Touring musicians have a great gig. Rock and roll! It’s doubly great when they’re interested in exploring the international culinary world. We do realize some bands subsist solely on Taco Bell and Coke Zero. Shame on them! There’s Hatch chile to sample in New Mexico. Pappy Van Winkle in Kentucky. Doppelbock outside Hamburg. Tortas on the California-Mexico border. In Good Food, Rocks, we track down a band member serious about their grub—and who has held a job in the food industry too.
Electro-pop quartet Far East Movement has the honor of being the first all Asian-American hit break into the American Top 10—the single “Like A G6” has received a mere 63 million streams on YouTube. Whoa.
As native sons of LA, the group has evolved from living on TV dinners and fast food to appreciating the culinary landscape while on tour. They even started a blog to document their journeys. We caught up with the band’s Kev Nish to talk about barbecue in Boston, étouffée in Indy, and the horrors of pig heads in the butcher cold case.
So as a kid you worked at a grocery store?
I was in charge of stocking all the canned goods and dried goods. I was notorious for slashing open packages of chips and plastic-wrapped chicken with the razor blade. I had the worst return rate in the store.
Is there any food item you cannot look at because of this job?
The meat department would always keep pig heads in the cooler and I would always have to walk by, back and forth, all day long. And I could never make eye contact with it because it still had the eyes in it. And the most-nasty of all was that it was cut in half. The butchers had way more of a crazy job.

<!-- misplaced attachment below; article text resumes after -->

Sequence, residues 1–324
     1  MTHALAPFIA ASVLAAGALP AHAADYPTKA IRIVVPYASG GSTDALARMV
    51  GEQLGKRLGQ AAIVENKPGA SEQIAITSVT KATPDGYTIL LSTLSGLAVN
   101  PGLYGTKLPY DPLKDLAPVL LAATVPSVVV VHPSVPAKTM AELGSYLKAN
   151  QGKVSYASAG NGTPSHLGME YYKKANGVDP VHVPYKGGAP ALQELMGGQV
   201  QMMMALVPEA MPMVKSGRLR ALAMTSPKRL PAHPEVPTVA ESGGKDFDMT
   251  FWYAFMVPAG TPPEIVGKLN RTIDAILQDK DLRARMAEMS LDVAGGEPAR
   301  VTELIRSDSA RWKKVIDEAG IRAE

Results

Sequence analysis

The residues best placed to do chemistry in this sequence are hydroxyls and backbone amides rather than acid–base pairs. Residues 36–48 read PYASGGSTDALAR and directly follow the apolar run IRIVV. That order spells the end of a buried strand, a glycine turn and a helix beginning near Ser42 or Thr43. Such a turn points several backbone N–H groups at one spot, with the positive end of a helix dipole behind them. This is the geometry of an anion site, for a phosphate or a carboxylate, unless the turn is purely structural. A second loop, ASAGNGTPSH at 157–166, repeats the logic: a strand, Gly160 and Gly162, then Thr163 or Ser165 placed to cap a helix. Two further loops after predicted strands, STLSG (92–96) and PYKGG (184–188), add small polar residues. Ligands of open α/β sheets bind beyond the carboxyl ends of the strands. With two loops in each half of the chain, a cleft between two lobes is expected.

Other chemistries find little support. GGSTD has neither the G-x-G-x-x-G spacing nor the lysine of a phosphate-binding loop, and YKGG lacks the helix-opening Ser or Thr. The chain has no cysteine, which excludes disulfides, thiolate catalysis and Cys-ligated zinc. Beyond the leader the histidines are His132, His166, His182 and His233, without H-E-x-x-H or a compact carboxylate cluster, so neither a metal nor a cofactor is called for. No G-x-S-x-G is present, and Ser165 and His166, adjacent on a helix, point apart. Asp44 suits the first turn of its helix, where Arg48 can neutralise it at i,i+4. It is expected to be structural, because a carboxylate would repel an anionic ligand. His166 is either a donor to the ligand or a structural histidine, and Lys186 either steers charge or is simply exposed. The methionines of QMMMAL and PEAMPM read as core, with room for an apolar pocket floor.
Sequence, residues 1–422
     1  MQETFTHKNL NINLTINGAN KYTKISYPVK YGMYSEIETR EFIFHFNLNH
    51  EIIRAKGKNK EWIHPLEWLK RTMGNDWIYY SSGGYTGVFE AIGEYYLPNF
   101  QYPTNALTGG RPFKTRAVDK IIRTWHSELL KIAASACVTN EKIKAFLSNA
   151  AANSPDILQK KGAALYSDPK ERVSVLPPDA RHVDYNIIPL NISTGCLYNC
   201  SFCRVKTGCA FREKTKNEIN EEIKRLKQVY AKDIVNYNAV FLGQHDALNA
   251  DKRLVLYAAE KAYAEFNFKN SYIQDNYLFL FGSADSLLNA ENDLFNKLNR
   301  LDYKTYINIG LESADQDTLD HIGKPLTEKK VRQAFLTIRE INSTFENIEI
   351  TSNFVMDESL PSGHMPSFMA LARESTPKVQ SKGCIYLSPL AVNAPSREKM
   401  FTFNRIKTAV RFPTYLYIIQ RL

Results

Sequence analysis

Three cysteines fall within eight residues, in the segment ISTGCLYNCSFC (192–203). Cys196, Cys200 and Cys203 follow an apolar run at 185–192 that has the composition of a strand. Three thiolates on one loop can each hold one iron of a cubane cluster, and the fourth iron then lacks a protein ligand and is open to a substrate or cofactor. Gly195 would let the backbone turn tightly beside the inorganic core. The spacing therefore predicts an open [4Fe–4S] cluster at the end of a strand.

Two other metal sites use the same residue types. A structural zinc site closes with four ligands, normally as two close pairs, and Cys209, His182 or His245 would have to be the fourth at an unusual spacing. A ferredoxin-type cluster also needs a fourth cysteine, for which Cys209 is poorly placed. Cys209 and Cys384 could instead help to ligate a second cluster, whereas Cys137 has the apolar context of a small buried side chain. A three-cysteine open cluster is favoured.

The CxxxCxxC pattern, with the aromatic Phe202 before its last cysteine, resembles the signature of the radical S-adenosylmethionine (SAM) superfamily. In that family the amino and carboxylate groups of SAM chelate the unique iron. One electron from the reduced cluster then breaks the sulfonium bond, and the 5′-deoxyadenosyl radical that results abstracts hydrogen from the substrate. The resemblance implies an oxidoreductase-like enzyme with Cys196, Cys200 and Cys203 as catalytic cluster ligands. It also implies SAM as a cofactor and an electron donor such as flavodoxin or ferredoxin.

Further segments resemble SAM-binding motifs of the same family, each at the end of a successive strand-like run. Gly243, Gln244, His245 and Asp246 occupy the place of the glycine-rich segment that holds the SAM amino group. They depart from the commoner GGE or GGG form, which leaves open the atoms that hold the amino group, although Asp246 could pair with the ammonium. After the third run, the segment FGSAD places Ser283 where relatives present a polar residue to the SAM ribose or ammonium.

You’re half-Japanese and half-Chinese. Did you grow up in a traditional household? What are your early food memories?
I was mostly growing up on TV dinners and fast food like tacos and In-N-Out. We were all pretty Americanized. We ate spaghetti and potato salad. It wasn’t until I started traveling overseas with the Far East Movement that I was able to see how adventurous and authentic food can be.
What are some highlights from those travels?
As we traveled more and more we started a food blog. There were too many crazy foods going on to not write about it. We were in Indianapolis and the locals told us about this great étouffée being served at this market. We just played a show at Harvard and the students told us about this local barbecue that was really good and new to us. You can’t find good barbecue in LA.
What are your favorite spots in Los Angeles?
This place called The Corner is the best place to get Korean barbecue. Whenever DJs or record execs are in town, we like to take them there. For tacos, we like to go to El Taurino and King Taco.
What do you order?
Always a carne asada burrito with two tacos on the side. Always with red sauce. That red sauce is unmatchable around the world.
What do you think of Kogi?
Kogi taco truck is cool, but we’re impatient and don’t like to wait in line.
And it seems you like to included restaurants in some of your music videos..
We featured Taco House Number 1 in the video for “Rocketeer” (see: 2:00). Whenever we want breakfast burritos we go there. They usually don’t do breakfast, but make them custom for us.
What’s the order?
Always a carne asada burrito. With a scrambled egg.
Want to check out other music-meets-food stories on Food Republic? Here ya go: